Those of us who occasionally have been cantankerous can take some solace that among the ranks of the Blessed there are those who also had such moments while on Earth. One of those is Blessed William Ward whose feast day is today.
Born about 1560 at Thornby in Westmoreland as William Webster, William was brought up a Protestant by his Protestant parents. We know very little about his early life other than that he converted to Catholicism during a trip to Spain, and then converted his mother to the Faith. He was about 44, an advanced age for the Seventeenth Century, when he began studying for the priesthood at Douai. Ordained to the priesthood as a member of the Secular Franciscans on June 1, 1608, he traveled to England in October, but was driven onto the shores of Scotland by a severe storm and was imprisoned there for three years.
Nothing daunted by his three years in captivity, upon his release he immediately went to England where he spent the next 30 years serving as an undercover priest, with 20 of these years being spent in captivity for the “crime” of being a Catholic priest. Described as being of a fiery temperament, Blessed Ward developed a reputation as being tough on penitents in the confessional. In spite of, or rather because of, this trait, he never lacked penitents eager to be placed under his spiritual direction. He was accused of avarice, because of the poverty in which he lived, his accusers having no knowledge of his numerous secret charities to which he dedicated almost all donations he received. A hard man in many ways, he was hardest on himself, as he pursued his mission of preaching Christ in a completely hostile environment.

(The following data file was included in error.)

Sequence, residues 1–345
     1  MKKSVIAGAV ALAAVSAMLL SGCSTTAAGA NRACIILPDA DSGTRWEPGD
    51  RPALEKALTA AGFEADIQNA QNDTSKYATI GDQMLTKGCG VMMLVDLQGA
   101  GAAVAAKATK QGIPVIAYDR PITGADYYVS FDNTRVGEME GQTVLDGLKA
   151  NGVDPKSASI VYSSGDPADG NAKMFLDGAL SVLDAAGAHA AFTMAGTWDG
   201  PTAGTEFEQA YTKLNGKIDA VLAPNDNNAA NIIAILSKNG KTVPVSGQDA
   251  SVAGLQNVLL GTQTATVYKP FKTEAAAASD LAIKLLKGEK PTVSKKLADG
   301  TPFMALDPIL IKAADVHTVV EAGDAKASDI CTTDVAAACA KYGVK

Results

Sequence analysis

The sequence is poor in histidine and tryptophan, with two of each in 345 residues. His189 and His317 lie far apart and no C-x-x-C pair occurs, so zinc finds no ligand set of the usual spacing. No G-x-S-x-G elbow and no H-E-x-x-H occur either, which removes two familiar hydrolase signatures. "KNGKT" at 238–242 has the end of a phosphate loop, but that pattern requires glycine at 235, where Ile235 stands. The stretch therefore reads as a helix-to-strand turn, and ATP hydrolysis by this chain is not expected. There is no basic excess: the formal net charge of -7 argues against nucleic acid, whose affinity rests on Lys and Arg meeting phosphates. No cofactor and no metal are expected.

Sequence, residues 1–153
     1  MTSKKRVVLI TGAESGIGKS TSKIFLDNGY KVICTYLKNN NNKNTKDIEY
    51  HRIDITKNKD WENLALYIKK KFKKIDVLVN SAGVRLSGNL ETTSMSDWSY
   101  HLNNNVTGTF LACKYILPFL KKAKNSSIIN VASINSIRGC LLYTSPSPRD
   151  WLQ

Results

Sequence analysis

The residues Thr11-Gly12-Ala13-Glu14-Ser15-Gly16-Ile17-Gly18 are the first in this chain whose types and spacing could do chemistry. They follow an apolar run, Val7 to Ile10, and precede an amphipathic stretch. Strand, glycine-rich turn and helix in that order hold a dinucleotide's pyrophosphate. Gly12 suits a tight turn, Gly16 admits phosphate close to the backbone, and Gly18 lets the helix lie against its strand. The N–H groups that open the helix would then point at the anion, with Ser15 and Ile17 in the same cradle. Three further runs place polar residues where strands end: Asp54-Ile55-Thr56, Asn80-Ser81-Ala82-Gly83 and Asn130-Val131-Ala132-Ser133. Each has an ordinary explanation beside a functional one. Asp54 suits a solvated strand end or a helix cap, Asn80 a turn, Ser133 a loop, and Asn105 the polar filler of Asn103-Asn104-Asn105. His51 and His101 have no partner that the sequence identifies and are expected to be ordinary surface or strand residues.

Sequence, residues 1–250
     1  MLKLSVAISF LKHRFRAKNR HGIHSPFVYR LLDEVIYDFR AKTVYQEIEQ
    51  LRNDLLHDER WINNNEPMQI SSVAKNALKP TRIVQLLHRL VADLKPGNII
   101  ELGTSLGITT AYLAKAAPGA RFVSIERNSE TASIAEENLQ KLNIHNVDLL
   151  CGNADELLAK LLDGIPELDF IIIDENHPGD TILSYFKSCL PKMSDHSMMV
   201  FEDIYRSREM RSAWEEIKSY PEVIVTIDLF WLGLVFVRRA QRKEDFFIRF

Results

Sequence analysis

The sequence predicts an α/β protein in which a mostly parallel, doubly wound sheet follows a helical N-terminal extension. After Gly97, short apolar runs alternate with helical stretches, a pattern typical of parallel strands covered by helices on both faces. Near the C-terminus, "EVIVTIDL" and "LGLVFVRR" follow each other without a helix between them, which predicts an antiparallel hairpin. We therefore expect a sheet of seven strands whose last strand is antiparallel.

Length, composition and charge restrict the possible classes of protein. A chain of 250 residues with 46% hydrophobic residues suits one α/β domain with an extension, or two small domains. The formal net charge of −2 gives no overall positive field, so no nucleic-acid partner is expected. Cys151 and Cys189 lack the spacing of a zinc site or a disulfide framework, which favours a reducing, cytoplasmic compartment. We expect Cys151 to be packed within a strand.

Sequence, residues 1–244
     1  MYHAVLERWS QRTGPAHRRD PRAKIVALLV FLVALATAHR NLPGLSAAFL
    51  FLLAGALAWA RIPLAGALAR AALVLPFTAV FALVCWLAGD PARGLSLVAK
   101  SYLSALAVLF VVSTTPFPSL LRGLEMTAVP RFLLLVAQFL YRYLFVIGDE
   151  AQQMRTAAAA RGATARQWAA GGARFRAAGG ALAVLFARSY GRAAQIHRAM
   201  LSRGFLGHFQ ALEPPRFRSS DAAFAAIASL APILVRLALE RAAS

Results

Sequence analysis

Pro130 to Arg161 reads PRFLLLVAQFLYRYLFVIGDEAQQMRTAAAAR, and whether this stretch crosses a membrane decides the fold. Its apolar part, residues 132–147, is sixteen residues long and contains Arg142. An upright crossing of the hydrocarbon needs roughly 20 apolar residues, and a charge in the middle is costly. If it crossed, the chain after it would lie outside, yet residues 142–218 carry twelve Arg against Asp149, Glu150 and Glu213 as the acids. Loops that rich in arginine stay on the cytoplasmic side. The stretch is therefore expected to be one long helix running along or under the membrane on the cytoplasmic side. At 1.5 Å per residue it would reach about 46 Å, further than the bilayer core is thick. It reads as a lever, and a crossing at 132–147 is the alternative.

In 1641 Parliament and King Charles I were involved in an ever escalating conflict that would lead to open civil war in 1642. The Puritans in Parliament accused King Charles of being soft on “popery” and on April 7, 1641 Parliament passed a law banishing all Catholic priests in England on pain of execution. Father Ward heard of this law, but brave and stubborn as always, he refused to leave his England.
Arrested, he was hanged, drawn and quartered at Tyburn on the feast day of Saint Anne, to whom he had always had a particular devotion, on July 26, 1641. His last words were, “Jesus, Jesus, Jesus, receive my soul!”. He was beatified by Pope Pius XI in 1929 along with 162 other English martyrs.